If you are more of a premium product guy, and it sounds like you are, then the Baader Hyperion Mark IV is the zoom you want. Almost 5X the price but reputed to be better optics and wider FOV. Not earth shattering better but it costs a lot to gain improvements and some say this is the only eyepiece they use, having retired the others. About 20% wider FOV than the Celestron.  I just added a used Baader Hyperion 8-24 so it is not the current model.

Zoom Eyepieces
http://agenaastro.co...-eyepieces.html
Filling in with fixed FL mid to high power eyepieces.

For the midrange and high mag fixed FL let me make recommendations for the future. Use the eyepieces you have but as you feel the desire to either add one or replace one with something better I would highly recommend the Explore Scientific 68 degree AFOV and 82 degree AFOV lines. Wonderful eyepieces and about half the price of the high end stuff.http://agenaastro.co...scientific.html

I use my zoom more than any other eyepiece. Then I have been filling in at the high mag end with ES 82 8.8 and 6.7 and I have a Meade 4.5 HD60.  However, if I was buying today I would get the ES 82 4.7 rather than the Meade.Nothing you need today.  This is all for consideration for the future.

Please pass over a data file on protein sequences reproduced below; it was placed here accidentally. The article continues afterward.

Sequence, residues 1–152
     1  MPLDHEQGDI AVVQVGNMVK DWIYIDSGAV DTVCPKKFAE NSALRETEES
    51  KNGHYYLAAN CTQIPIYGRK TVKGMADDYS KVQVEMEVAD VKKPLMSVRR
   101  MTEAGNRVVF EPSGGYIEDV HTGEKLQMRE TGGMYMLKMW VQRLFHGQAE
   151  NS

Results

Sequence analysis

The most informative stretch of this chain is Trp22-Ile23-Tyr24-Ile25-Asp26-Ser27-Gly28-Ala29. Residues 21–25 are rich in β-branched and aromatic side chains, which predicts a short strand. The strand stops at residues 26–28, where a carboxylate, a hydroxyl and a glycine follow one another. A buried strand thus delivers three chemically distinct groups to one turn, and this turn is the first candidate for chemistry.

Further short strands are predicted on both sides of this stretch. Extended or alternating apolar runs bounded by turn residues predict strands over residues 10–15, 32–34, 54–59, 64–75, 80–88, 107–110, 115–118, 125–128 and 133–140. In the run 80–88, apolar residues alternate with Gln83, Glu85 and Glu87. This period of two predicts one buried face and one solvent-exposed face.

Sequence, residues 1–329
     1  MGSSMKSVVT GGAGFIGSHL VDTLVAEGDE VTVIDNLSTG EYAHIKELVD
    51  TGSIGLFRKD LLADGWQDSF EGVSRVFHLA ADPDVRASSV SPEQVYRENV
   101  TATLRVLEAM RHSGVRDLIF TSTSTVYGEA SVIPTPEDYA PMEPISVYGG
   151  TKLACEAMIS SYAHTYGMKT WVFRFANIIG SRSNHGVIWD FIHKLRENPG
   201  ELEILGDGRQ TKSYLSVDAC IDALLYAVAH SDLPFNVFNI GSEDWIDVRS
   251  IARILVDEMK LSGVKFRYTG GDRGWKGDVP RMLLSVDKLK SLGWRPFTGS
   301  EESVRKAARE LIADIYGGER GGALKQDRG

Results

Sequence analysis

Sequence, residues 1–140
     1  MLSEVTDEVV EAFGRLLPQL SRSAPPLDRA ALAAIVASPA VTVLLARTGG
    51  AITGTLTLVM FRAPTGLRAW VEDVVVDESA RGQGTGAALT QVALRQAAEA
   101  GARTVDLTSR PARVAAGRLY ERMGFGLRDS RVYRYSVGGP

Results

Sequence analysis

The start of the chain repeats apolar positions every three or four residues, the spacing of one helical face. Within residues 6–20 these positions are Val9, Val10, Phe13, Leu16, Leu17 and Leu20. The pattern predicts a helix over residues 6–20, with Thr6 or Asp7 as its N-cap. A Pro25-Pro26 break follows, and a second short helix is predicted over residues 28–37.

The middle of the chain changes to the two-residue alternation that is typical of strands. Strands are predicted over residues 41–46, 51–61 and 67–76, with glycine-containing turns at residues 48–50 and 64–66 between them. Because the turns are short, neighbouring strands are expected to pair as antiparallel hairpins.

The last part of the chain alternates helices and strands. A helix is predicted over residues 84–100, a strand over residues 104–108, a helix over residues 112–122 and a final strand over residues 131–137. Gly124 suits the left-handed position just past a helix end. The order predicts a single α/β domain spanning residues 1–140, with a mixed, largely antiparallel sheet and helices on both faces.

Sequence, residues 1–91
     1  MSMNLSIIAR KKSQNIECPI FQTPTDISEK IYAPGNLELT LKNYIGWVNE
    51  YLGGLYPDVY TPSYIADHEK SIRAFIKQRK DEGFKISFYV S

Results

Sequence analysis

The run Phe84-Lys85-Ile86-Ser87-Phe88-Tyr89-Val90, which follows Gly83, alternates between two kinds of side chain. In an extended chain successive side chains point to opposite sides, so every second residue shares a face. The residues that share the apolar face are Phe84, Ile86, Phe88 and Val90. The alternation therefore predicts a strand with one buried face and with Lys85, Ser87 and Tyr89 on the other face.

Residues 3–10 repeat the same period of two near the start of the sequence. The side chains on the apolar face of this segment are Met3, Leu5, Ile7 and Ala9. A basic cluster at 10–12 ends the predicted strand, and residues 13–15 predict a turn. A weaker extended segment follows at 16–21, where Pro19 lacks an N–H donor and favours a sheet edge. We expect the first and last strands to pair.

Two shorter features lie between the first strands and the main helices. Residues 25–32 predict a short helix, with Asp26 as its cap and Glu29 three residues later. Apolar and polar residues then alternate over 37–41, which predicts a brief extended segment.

litgeschsappa

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Re: Barlow and/or small eyepieces for Celestron Astromaster 130Eq
« Reply #11 on: January 13, 2018, 10:48:54 PM »
I've used a 3x with great success with my 6" f/5. Yours is an 5" f/5, and therefore quite similar.

250x is at about the very highest limit of a 5" aperture, but only if the optics are well-figured and if the atmosphere will cooperate. There are in fact several factors and variables that conspire against us in the pursuit of the higher powers; collimation included.